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Why Rafael Nadal Badly Needs to Win Rogers Cup

A Rogers Cup win would be both a moral and physical victory for Nadal as he gears up for the U.S. Open.
A Rogers Cup win would be both a moral and physical victory for Nadal as he gears up for the U.S. Open.Matthew Stockman/Getty Images
Molly TowCorrespondent IAugust 9, 2013

The quarterfinals of the Rogers Cup are Friday night and No. 4 Rafael Nadal is facing No. 74 Marinko Matosevic. Nadal's doubters have been vocal of late, and to silence them—at least temporarily—he needs to take it all in Montreal.

Wimbledon was a traumatic time for many tennis fans, regardless of who your guy was, and Rafa's early exit started it all:

Following the loss, it seemed like everyone was writing about what was next for the Spaniard. Howard Bryant of mentioned Nadal's "treacherous knee" and "physical decline" that "sparked a spectacular fall." Granted, this talk was all concerning Nadal's struggles on grass, and he's currently playing on hard court in the Rogers Cup, but still, increased scrutiny awaits.

Wimbledon is far from emblematic of Nadal's 2013 performance. He's 43-3 on the ATP tour this year, notching seven titles. When his knee isn't giving him trouble, he's been unstoppable. Winning the Rogers Cup will make Wimbledon both literally and figuratively a thing of the past, as well as reaffirm that he can reach vintage form on surfaces other than clay.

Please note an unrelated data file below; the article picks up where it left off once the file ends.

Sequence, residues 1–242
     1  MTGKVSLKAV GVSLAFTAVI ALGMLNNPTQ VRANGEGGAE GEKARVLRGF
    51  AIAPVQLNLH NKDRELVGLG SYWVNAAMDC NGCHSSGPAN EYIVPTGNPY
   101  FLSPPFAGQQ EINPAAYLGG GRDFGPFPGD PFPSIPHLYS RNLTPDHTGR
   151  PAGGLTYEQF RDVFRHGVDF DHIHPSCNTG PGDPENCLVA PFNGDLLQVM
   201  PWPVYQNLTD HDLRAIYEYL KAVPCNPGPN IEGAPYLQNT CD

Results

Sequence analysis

It wasn't a sure thing that he'd win the French Open this year, though, and to take the Rodgers Cup he'll likely need to get through Novak Djokovic like he did in June:

Djokovic, unlike Roger Federer, can match Rafa's endurance. And he's won the Rogers Cup the past two years. Nadal hasn't won there since '08.

But so far, Rafa has cruised through 2013's tournament. He took just an hour an 12 minutes to beat Canadian Jesse Levine in the first round (6-2, 6-0) and did this little ditty en route to beating No. 15 Jerzy Janowicz in straight sets, 7-6(6), 6-4:

Rafa can't afford any early faltering if he wants to take another title. Winning his first Rogers Cup in five years would make a statement to the rest of the field, and the tournament will have served its purpose of preparing Nadal for the U.S. Open.

Djokovic and Andy Murray have both won the U.S. Open since Nadal's 2010 victory there, in 2011 and 2012, respectively. While Nadal reached the finals in '11, he ended up withdrawing from the tournament in 2012 due to, what else—knee issues. Seeing as Nadal is averse to blaming his knee, redemption will be even sweeter for him if he remains undefeated on hard courts this year.  

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